Our Neighbours in Timorhe word neighbour derives from those near-by. When the neighbour is drawn into the exchange of kindnesses, our human-ness is enhanced by the enabling of goodness.
This is what the relationship between St Canice Elizabeth Bay parish and the Jesuit Mission in Railaco is all about – simply being neighbourly, the mutual comfort each of us derive from having good neighbours.
Introduction to the Immersion Experience
We are ambassadors of St Canice Parish in its long-time involvement with Railaco.
Our visit to Timor is an ‘immersion’ experience. As ordinary people, we go to Railaco to listen to the voices of others who speak of ordinary needs.
On an immersion experience such as this, we enter into friendships which can move us to live differently; to act on their behalf with a certain passion for justice issues. It brings us together in growing awareness of our connectivity with each other through global solidarity. It grounds us in compassion for each other, and in the care of our common home.
The primary purpose of our immersion is to get a better understanding of how the Jesuit Railaco Mission serves the people of Railaco through a children’s feeding program, mobile medical clinic and secondary school.
This is grassroots. Hopefully, we then return home to share our personal experiences, in order to inform the wider parish about future opportunities and involvements. Hearing our stories, other parishioners may be inspired to tap into their own networks, in support of a valid cause – less fortunate people in a nearby land, to whom we owe a great deal.
Michael Musgrave, (Updated 4th June 2019)
Articles you may like to read prior to your trip.
East Timor profile – from Portuguese 1600’s to present time Please click on this link to view Profile in more detail.
Consider these facts. Of the 23,000-plus Australian troops deployed to the Asia-Pacific region in late 1941 as part of a disastrous forward defence strategy to protect key islands, nearly all of these poorly-equipped men were captured and many were killed. All, except for one unit of 270 officers and men known as the 2/2nd Australian Independent Company stationed in Portuguese Timor, which was serving as part of the 1400-strong Sparrow Force based in Dutch Timor. A third of those captured later died in POW camps.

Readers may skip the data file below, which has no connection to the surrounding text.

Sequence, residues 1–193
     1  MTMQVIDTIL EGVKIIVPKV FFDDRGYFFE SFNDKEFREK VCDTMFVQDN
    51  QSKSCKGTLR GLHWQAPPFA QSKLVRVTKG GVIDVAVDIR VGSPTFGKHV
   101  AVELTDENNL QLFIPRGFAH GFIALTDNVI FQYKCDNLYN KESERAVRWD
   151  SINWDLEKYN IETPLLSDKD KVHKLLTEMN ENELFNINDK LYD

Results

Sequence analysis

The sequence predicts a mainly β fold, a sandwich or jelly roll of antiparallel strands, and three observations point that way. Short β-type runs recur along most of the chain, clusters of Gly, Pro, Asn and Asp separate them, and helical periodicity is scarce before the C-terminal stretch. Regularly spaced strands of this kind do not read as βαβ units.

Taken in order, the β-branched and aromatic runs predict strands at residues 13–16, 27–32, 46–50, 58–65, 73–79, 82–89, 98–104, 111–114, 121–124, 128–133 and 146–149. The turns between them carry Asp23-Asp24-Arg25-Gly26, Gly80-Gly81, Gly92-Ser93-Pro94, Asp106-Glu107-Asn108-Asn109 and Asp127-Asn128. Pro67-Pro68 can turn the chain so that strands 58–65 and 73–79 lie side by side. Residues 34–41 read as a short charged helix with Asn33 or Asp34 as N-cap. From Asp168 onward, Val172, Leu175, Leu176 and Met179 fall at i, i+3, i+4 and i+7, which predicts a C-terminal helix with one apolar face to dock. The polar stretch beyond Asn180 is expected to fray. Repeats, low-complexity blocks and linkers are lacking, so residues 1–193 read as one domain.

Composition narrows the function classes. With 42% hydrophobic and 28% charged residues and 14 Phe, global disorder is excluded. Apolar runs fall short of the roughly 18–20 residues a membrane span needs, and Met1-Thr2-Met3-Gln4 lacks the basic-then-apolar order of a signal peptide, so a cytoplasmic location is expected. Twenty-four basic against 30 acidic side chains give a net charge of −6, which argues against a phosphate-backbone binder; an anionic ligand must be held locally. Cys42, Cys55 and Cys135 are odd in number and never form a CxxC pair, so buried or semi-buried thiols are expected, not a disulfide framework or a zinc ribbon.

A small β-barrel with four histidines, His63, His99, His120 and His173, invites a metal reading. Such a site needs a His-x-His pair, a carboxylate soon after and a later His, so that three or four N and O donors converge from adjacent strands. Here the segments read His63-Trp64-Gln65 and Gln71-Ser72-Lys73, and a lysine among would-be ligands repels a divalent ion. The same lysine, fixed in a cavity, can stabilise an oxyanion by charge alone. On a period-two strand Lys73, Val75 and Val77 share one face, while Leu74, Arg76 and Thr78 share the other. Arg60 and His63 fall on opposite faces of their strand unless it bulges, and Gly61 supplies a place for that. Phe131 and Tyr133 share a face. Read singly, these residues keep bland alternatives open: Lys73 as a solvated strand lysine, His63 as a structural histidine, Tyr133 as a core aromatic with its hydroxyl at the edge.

The 2/2nd Australian Independent Company became the only unit within the entire 8th Division to face the Japanese in early 1942 and remain an integrated fighting force. Filmmaker Damien Parer said after spending 16 days with these forces at the end of their year-long campaign: ‘These men of Timor are unique in that they remained an organised fighting body all through the lightning Jap successes … These lads are writing an epic of guerrilla warfare.’
Months before the Australians met the Japanese on the Kokoda track, these bearded commandos were carrying out deadly ambushes on Japanese convoys and strongholds across the territory.
Please click on link to read on:
Please click here on this line to read what is published on the official DFAT site about Timor Leste
AUSTRALIA EAST TIMOR MARITIME BORDER – NEWS FROM THE ABC
Australia and Timor-Leste signed the long-awaited treaty at the United Nations in New York in March 2018, settling a formal maritime border between the two nations after more than four decades of dispute.
Read an ABC News Report dated 22 April 2019 for an update. Click on this line to open link.
When we visit NOSSEF, our Railaco Secondary School, the student body will welcome us with song and dance. You might like to have your cameras at the ready.
One of our ‘immersion’ group is 10-year old Elijah Slavinskis, who with his parents Lynda and Peter were parishioners at St Canice’s a couple of years ago when Elijah was starring in the child role in ‘Kinky Boots’. Elijah has been so keen to go to Railaco. This passion came from his taking part in and singing at two of our St Ignatius Day Masses, where he ‘connected’ with the message of Railaco. His mother Lynda is accompanying him.
In response to the NOSSEF welcome, Elijah will sing “I Am Australian”.
Please see lyrics below. He will sing a capella once through. Then, Lynda will have her portable speaker and play the tune from her phone.
It would be very meaningful to the students if all of us were to join in in singing the chorus.
We are one
But we are many
And from all the lands on earth we come
We’ll share a dream
And sing with one voice
I am, you are we are Australian
Repeat x 2